1977 – Outrageous!
The film in question is Outrageous! which chronicles Gibson’s time living as drag queen Craig Russell’s roommate. Russell stars as a fictionalized version of himslef, a drag queen called Robin Turner, who is a gay hairdresser that wants to be a drag queen.
“When I saw Outrageous! for the first time, I was like, ‘This is amazing, this is just kind of a drag queen doing her thing.’ And it is very much a drag movie,” says Reid.
“I adore Craig Russell, I have this weird cosmic connection to him where I found out a few years into doing drag myself that he passed away less than 24 hour before I was born, miles away. I have this kind of spirit guide reincarnation with Russell which I really like.”
Subsequently Outrageous! inspired a sequel, Too Outrageous!, which was released 10 years later and about the same time Pierce appeared in another 1987 sitcom, Designing Women.
Also in ’77, the province of Quebec first banned discrimination on the basis of sexual orientation in response to a brutal police raid on a gay bathhouse, Truxx. The raid was highly and widely publicized and threatened the newly elected Parti Québécois’ image as a progressive party. No other province considered sexual orientation a human right, during that time, and it wasn’t until almost a decade later that Ontario followed.
1978 – La Cage Aux Folles
A Franco-Italian comedy about a gay couple who own a nightclub featuring drag entertainment, whose straight son brings home a fiancée and her ultra-conservative parents to meet them. The film was adapted from Jean Poiret’s 1973 play of the same name and to this day remains in the top 15 on the foreign film Billboard chart in America.
The film had two sequels and in 1996 was remade into an American version titled The Birdcage starring Robin Williams and Nathan Lane. See more info further down the timeline.
1981 – Operation Soap, the Canadian equivalent of the Stonewall riots
Operation Soap, a police raid against four gay bathhouses in Toronto, is considered one of the largest mass arrests in Canada and a turning point in the LGBTQ+ community history, equivalent of the 1969 Stonewall riots in New York City.
1982 – Tootsie
Dustin Hoffman plays a neurotic actor driven to transform himself into a soap queen (Dorothy Michaels, aka Tootsie) in this romantic comedy, directed by Oscar winner Sydney Pollack.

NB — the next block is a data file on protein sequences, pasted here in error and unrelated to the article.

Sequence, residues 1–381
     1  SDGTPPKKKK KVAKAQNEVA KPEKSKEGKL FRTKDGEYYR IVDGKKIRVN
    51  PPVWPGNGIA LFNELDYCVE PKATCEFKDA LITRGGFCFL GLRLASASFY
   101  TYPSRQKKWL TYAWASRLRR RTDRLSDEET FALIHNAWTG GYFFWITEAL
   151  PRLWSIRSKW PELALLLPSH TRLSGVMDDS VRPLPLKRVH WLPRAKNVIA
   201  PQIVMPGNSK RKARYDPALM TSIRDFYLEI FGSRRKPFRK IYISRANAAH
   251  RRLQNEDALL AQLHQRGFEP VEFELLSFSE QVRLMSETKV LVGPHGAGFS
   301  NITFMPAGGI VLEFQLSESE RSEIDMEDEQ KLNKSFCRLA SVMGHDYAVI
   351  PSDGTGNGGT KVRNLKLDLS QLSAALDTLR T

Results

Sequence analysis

Through his transformation, the character and therefore the audience, gain insights into sexism which opened another window into the everyday treatment and the world of people in the drag community.
The movie was nominated for 10 Academy Awards and won one for Best Supporting Actress (Jessica Lang) and became the second most profitable movie that year.
1986 – Changes to the Ontario Human Rights Code
Small steps toward equality were taken as a result of the attention drag was receiving in the media. Sexual orientation was added to the Ontario Human Rights Code as a prohibited ground for discrimination. The country followed over time but Alberta refused to change its code, only joining in 1998 after the Supreme Court order.
1989 – RuPaul emerges on TV
RuPaul’s first notable appearance on TV was as a backup dancer in B-52’s music video, Love Shack.
And a few years later, in 1993, more success came with a hit single “Supermodel (You Better Work)” from his debut album Supermodel of the World.
The song catapulted RuPaul to stardom after which he became the first drag queen to ever become a spokesperson for a major cosmetics company (MAC Cosmetics), get his own talk show (on VH1), and a morning radio show (on WKTU).
1990 – Paris is Burning
During the ’80s and ’90s as drag was becoming more popular, it underwent a transformation into a more flattering, polished and glamorous look.
With that, the documentary Paris is Burning came out, chronicling the ’80s’ New York’s ball culture focusing on elaborately structured ball competitions, voguing and those who gave drag its glam and glitz, ultimately inspiring Madonna’s famous song Vogue.